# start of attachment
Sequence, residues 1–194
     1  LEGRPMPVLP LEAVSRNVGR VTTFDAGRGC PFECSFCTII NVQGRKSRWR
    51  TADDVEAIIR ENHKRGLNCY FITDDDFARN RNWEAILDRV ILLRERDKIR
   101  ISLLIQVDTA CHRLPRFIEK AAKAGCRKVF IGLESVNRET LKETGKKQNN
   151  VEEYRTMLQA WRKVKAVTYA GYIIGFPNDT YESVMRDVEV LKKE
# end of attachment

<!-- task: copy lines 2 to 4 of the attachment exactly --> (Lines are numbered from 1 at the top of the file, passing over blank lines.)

     1  LEGRPMPVLP LEAVSRNVGR VTTFDAGRGC PFECSFCTII NVQGRKSRWR
    51  TADDVEAIIR ENHKRGLNCY FITDDDFARN RNWEAILDRV ILLRERDKIR
   101  ISLLIQVDTA CHRLPRFIEK AAKAGCRKVF IGLESVNRET LKETGKKQNN